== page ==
Are You a Workaholic?

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The topic of work/life balance made headlines again this week after a wealthy businessman resigned as head of a trillion-dollar investment fund to spend more time with his family.

Former PIMCO CEO Mohamed El-Erian said he made the decision after his 10-year-old daughter gave him a 22-point list of all the milestones he had missed in her life, including her first day of school, a soccer match, a parent-teacher meeting and a Halloween parade.

“My work-life balance had gotten way out of whack, and the imbalance was hurting my very special relationship with my daughter,” El-Erian wrote in a Worth.com article that has since gone viral.

 He joins other high-profile business leaders who have publicly discussed the challenges of finding work-life balance, from PepsiCo CEO Indra K. Nooyi to Max Schireson, CEO of MongoDB.

In a widely publicized blog entry, Schireson noted: "As a male CEO, I have been asked what kind of car I drive and what type of music I like, but never how I balance the demands of being both a dad and a CEO."

With all the media attention on work-life balance, what’s the solution? From a global perspective, U.S. employees are working harder than ever. According to an infographic from www.businessinsurance.org, Americans are the world leader in productivity per person – but at a cost.

Check out these interesting facts:

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Recent findings from Randstad’s Engagement Study show that U.S. workers are finding it more difficult to unplug from work, to their own detriment. According to our research, 42% of employees reported feeling obligated to check their email during vacation, while 26% feel guilty even using all of their vacation time. As the infographic below illustrates, the “workaholic” mentality can take a toll on overall well-being, family and mental health.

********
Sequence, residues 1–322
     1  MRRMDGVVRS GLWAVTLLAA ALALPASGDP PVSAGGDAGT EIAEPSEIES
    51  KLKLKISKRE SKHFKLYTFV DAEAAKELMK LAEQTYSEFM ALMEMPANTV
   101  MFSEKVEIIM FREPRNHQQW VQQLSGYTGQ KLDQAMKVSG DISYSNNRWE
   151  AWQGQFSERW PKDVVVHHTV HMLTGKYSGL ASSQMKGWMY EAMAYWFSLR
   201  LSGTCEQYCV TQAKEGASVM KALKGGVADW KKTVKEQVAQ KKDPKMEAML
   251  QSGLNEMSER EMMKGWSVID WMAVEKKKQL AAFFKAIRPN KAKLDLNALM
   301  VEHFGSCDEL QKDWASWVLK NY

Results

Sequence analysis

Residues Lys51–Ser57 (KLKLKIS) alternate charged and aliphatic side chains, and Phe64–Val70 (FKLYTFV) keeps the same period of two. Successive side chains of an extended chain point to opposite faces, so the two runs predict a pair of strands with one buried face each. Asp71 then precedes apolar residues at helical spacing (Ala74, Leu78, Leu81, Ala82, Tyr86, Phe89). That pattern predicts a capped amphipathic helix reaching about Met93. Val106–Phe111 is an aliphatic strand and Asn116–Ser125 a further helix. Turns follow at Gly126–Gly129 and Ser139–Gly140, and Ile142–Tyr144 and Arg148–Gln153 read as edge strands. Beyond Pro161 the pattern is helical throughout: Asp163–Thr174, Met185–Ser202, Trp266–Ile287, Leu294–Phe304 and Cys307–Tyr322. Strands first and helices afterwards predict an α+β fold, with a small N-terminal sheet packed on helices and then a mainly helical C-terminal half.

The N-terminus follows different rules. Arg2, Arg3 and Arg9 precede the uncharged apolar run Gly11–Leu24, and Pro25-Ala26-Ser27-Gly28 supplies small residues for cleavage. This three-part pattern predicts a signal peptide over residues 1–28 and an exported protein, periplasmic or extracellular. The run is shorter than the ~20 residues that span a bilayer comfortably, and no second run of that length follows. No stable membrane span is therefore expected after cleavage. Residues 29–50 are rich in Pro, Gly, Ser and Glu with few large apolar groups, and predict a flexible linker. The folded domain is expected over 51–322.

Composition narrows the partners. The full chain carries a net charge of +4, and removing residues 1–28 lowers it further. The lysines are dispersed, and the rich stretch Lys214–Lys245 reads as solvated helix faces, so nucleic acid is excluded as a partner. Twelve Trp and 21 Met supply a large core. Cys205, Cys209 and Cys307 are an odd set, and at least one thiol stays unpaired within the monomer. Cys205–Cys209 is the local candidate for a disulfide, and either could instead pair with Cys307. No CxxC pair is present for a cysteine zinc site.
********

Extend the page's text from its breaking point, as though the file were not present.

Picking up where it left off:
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Expert advice on work-life balance
During our recent Women Powering Business panel events, the topic of work-life balance was discussed among our panelists who shared some key insights on managing both career and family – and the challenges both men and women face.

??????????????????????????????????????????????????“What it means to have great work-life balance is a moving target. It’s having continual conversations about what it means to different employees to work hard for their companies and be successful in their lives too. It started a long time ago with the ability to have children, but it’s way more complicated than that today. Companies have to be responsive and be really good listeners. Every corporation is different, but it’s listening, first of all, and picking up on what’s going on in people’s lives.” - Kathy Tunheim, Principal and CEO, Tunheim

 

Kaysen_headshot“It is an issue and it’s hard. We all know the work load doesn’t go away – it’s there. We have obligations, we have responsibilities and we have stuff we want to do. If you have children, you want to go see that ball game. Every company is going to deal with it differently and every individual is going to deal with it differently in terms of how you balance that. A lot of it is just communication -- sitting down and talking with your team.” -David B. Kaysen, Consulting CEO, Pillar Palatal, LLC

Harteau_Headshot“There is that expectation, frankly, for women to try to be 100 percent to all people – and it’s just not possible. It’s a constant challenge and I’m harder on myself about it, but there’s times where I just have to let it go.” -Janeé Harteau, Chief of Police, Minneapolis Police Department

 

"Rubber" versus "crystal" moments
In a recent Time article, seven C-suite dads shared their struggles with "having it all" and work-life balance. Intuit CEO Brad Smith said he carves out time for his two daughters while running a multi-billion dollar software company by identifying "rubber" and "crystal" moments in life. He offers this advice to his summer interns:

"While you can bounce back from missing a rubber moment, like one of 100 soccer games, do not ever drop a crystal moment, like a graduation or birth of a child."

Check out the full infographic below!

Workaholism in America